It is mid- March 2013 as I write this. Spring is late in coming, and the skies are
gray as a powdery snow falls gently from the sky. But I have gone to summer
in my mind—or, more precisely, to Boston about eight months ago, where
I attended Console- ing Passions, a conference on feminism and television.
While there, I heard my friend and colleague Alex Doty give a witty, funny,
and insightful paper on beefcake, a trope he traced from Jersey Shore to Spart-
acus to the Old Spice man. I did not take copious notes. I just leaned back
and listened to the flow of his ideas, looking forward to the opportunity to be
back in Bloomington, Indiana, where we could sit down together over coffee
at Rachael’s Café and talk more about the signifier of the mediated beefcake. I
began to practice how I might tease, cajole, and plead with him to include an
essay in this collection. I thought I had all the time in the world. But a week
later, in early August, we received the news that while taking his annual “end of
summer” vacation, Alex had been hit by a motorcyclist in Bermuda. He died
a few days later.
When it came to media, not a lot escaped Alex’s attention or affection. He
loved movies—the bigger and the brassier, the better. And he had a fine eye for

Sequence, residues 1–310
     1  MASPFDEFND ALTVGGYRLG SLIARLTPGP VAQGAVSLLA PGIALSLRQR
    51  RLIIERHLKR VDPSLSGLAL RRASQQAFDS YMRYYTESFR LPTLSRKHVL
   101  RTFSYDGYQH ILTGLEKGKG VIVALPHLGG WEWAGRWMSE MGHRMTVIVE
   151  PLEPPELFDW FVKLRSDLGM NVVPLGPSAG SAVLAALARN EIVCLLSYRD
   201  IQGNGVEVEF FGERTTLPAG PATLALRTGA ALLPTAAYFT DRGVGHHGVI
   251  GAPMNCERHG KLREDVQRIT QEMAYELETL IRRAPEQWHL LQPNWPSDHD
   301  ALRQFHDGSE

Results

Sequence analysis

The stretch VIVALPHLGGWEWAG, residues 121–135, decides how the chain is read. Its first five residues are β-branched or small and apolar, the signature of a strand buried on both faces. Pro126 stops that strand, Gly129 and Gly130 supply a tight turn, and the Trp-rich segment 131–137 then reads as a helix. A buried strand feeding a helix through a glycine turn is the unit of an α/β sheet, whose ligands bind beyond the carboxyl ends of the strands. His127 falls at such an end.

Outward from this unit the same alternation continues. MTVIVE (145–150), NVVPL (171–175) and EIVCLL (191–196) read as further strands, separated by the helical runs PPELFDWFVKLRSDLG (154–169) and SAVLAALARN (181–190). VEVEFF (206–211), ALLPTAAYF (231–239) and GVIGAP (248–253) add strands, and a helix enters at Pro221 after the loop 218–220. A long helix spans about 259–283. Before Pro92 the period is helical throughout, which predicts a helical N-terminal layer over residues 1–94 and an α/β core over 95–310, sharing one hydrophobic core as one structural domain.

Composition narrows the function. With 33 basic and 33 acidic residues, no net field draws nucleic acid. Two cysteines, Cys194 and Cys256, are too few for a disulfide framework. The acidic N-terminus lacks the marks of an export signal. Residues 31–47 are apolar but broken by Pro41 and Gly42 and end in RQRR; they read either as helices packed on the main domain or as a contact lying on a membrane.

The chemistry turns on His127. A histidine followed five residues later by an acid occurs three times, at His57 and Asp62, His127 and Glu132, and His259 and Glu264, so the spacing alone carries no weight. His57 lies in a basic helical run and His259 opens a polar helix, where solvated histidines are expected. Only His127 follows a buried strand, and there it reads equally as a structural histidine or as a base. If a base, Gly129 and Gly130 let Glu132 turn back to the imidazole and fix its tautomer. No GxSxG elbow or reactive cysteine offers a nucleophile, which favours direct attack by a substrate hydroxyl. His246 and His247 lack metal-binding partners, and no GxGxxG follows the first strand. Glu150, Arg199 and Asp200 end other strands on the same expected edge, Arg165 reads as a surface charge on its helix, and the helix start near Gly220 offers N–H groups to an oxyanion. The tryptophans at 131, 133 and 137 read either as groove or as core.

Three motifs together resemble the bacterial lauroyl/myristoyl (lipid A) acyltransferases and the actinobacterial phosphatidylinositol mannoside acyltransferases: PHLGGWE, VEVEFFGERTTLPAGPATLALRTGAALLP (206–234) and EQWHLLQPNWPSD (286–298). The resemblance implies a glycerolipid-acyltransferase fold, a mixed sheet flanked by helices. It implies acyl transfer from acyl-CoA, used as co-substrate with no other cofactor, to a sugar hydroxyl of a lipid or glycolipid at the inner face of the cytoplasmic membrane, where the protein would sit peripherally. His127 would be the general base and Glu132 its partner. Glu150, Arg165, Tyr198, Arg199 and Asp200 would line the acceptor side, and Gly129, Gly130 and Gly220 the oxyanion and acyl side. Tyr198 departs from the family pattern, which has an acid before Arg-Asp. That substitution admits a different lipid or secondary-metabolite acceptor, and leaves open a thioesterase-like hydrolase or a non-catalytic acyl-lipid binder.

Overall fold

television. Pee- wee’s Big Adventure stands as the inspiration for one of the best
essays on queer theory and media representation ever written. I have no doubt
that the quirky topographies of Reality tv would have been part of Alex’s next
frontier, and if his observations on Jersey Shore’s gtl (gym, tan, laundry) and
six pack abs were any indication, we were about to receive a whole new in-
stallment on “making things perfectly queer” that marked Alex’s work as so
incisive. I cannot include his actual voice in this collection, but I can include
his memory. So it is with gratitude to his most excellent friendship, shrewd
observations, and wicked sense of humor that I dedicate this collection to him.
We miss you, Alex. A lot.
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